An eight-year-old girl from Tennessee has been send home from school more than 24 times this year for having "foul odor".
British researchers found that men eat less fruit and vegetables than their children. The survey found that while pre-school children eat an average of 12 different types of fruit and vegetables each week, the average man only eats half of that.
4.5 percent of parents cited safety concerns in 2008, while 16 percent of parents reported the same thing in 2010.
Even before they begin to speak, babies as young as seven months can distinguish one language from another and begin to learn them, even if the two languages have very different rules of grammar, according to a new study.
Even though parents know they should not, in many families, parents have a favorite child.
A study conducted by researchers from Tufts University and Tufts Medical Center has found that obesity in mothers has been linked to abnormal brain development in fetuses.
The next time you take your kids to a nice restaurant make sure they say "please" and "thank you" and don't play with their food. Otherwise, you might miss out on the "Well Behaved Kids" restaurant discount.
Being parents for the first time improves parents' mental health and reduces psychological stress, says a new study from New Zealand.
It has been recently observed that approximately one-sixth of couples in the U.S. suffer from infertility. The research was conducted by Germaine Buck Louis from the National Institutes of Health in Rockville, Maryland, and her co-workers, who used two different methods to calculate the infertility rates.
A new research suggests that about 70 percent of children with autism suffer emotional trauma as a result of bullying. Another revelation of the study is that many autistic children are scared for their safety at school and that those with autism and attention-deficit hyperactivity disorder (ADHD) or depression are at the highest risk of being bullied.
There are many ads on TV claiming better health for children with the consumption of energy drinks. Apart from increased energy and stamina, the ads also claim a faster physical growth and better academic performance. The influential ads get mothers around the world to feed their children with such drinks in good faith of bringing up their children in the best of health. However, rubbishing all such claims made by energy drink manufacturers, researchers in a new study are claiming that drinking one energy drink has no effect whatsoever on the cognitive performance of secondary school pupils.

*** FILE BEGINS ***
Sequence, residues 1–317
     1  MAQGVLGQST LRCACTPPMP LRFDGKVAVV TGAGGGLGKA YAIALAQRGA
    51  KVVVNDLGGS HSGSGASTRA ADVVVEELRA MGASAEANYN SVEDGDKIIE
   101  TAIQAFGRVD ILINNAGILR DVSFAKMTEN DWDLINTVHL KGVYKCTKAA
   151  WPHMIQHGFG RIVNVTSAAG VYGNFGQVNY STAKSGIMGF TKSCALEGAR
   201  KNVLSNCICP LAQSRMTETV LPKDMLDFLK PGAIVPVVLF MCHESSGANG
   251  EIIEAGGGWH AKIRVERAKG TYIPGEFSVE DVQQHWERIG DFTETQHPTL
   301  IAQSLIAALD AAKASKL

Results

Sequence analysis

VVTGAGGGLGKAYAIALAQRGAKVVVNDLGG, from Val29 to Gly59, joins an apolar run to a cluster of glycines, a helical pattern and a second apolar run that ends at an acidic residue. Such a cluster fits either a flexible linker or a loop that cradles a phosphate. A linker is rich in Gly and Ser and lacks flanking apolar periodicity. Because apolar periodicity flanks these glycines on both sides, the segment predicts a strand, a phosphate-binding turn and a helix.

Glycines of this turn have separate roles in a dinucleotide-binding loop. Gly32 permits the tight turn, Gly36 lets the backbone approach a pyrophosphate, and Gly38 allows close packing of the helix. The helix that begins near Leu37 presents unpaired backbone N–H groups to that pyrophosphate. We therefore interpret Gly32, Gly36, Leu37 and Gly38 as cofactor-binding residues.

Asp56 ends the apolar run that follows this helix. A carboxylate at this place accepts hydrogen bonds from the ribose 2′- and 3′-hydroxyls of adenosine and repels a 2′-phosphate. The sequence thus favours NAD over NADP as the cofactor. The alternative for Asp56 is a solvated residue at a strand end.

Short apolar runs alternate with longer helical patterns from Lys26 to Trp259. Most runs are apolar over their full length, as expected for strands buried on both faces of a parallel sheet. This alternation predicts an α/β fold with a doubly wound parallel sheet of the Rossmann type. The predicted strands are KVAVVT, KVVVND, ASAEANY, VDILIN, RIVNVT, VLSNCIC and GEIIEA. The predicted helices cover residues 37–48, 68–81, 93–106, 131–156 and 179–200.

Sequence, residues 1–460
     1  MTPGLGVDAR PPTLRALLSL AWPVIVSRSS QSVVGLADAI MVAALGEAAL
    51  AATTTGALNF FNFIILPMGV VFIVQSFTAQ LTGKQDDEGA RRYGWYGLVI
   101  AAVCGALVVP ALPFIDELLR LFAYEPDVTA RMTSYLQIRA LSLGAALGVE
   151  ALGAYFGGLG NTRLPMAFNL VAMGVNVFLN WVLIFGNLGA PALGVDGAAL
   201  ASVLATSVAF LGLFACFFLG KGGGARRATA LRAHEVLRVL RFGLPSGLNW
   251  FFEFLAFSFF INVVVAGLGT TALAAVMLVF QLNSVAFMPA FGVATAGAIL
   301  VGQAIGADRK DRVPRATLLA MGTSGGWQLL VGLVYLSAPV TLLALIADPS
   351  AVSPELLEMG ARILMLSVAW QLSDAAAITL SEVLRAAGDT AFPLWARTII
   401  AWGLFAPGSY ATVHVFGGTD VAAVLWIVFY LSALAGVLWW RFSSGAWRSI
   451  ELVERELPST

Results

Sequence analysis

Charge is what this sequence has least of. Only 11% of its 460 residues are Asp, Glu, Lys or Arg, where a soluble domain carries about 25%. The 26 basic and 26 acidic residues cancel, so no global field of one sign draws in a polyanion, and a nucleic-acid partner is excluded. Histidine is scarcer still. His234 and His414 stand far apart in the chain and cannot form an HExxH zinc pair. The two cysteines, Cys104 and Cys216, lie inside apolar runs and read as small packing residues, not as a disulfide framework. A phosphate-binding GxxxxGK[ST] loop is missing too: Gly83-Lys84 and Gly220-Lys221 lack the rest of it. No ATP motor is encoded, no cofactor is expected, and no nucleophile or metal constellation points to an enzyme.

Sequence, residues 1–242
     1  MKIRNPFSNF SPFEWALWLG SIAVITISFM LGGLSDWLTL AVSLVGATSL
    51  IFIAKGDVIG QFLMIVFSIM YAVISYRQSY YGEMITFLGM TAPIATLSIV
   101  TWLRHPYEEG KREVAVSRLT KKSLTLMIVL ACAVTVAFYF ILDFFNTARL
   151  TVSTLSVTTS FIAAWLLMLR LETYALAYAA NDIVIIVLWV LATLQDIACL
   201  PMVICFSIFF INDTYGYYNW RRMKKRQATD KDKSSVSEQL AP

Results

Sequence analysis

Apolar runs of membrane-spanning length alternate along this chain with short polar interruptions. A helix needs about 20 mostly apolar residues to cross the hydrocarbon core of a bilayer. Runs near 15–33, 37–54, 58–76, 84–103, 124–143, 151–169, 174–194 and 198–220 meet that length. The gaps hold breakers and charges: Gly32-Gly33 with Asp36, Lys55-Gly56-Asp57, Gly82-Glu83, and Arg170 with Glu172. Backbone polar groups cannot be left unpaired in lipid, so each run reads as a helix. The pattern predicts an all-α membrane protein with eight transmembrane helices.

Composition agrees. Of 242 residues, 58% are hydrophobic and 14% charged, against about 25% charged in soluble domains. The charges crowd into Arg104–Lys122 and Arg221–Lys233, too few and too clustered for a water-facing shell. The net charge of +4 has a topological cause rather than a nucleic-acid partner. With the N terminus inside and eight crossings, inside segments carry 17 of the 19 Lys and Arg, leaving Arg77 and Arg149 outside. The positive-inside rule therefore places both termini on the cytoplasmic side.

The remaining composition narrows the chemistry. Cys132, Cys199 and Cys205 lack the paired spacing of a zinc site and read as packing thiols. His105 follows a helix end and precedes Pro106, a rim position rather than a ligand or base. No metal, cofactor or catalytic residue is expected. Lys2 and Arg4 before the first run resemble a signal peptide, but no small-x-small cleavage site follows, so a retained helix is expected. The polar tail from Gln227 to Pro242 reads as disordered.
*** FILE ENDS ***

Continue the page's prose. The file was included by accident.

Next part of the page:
Taking decisions that suit our best interests and maximize our profits is a challenge we face several times, almost every day. Researchers say we start taking these decisions when we are as young as 5 years old. According to a new research by Valerie Dufour and colleagues from the National Center for Scientific Research in France, 5-year-old children start to maximize their profits - in cookies, much similar to the show 'Deal or No Deal'.
When children are very small, even at the stage of their infancy, parents and babies communicate with each other through smiles, laughs and cooing at each other. However, scientists have questions as to how this kind of communication or interaction helps or effects the development of babies. "Parents tend to put a lot of emotional energy into these interactions," says University of Miami psychology professor Daniel Messinger. "And, the job of the baby is to do whatever they want, and they take that job very seriously."
In a rather interesting research, scientists have found that verbal aggressiveness, which includes traits like name-calling, ridicule, insults, racial epithets and threats, may have biological causes, and these could be identified by the ratio of the length of a person's ring finger (second digit) to the length of the index finger(fourth digit). The study has been conducted by a team of researchers led by Allison Z. Shaw, PhD, assistant professor of communication at the University at Buffalo, and is the first to use 2D:4D ratio (which is thought of as a measure of prenatal testosterone exposure) as a determinant of verbal expression.
Thumb sucking could be one of the most difficult habits for a child to break. While it is a very common habit, at some point parents may think it is high time to put a stop to the behavior. A report by Mayo Clinic says that in order to stop the habit in children, it is important for parents to understand what they can do to help their child. First of all, the reason why children get this habit is because babies have natural rooting and sucking reflexes, which can make them put their thumbs or fingers into their mouths. For some children, this happens even while they are in their mother's womb.